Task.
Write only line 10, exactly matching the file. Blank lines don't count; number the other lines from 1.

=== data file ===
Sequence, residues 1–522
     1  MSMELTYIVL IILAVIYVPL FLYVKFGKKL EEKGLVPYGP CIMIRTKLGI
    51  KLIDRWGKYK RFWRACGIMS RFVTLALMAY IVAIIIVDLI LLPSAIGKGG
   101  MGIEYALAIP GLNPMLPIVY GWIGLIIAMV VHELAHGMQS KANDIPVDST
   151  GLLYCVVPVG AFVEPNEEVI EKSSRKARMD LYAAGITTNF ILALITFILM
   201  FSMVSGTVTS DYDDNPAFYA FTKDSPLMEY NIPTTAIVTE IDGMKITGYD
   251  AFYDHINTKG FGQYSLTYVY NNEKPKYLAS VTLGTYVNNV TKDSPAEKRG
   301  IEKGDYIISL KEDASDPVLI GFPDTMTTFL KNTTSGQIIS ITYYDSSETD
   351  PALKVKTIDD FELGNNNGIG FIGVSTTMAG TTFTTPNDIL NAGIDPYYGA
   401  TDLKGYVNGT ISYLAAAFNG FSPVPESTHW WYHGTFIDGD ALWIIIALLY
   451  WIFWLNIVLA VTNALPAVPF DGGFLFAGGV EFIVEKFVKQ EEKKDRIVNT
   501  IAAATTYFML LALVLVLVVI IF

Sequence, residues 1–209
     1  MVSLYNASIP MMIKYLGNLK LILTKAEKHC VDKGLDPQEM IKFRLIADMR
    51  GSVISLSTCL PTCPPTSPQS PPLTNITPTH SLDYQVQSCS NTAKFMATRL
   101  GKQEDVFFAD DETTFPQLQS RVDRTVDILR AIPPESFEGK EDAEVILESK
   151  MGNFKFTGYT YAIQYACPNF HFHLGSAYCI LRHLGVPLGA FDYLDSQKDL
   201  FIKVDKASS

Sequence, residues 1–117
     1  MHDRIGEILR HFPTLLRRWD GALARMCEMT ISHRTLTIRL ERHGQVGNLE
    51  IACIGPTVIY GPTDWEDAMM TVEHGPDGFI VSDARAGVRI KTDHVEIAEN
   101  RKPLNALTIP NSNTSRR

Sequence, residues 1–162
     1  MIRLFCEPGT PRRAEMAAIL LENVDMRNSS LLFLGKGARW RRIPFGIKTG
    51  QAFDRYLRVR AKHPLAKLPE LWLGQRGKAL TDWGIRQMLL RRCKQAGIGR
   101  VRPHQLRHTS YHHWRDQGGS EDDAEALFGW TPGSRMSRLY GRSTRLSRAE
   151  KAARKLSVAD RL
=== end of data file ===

   401  TDLKGYVNGT ISYLAAAFNG FSPVPESTHW WYHGTFIDGD ALWIIIALLY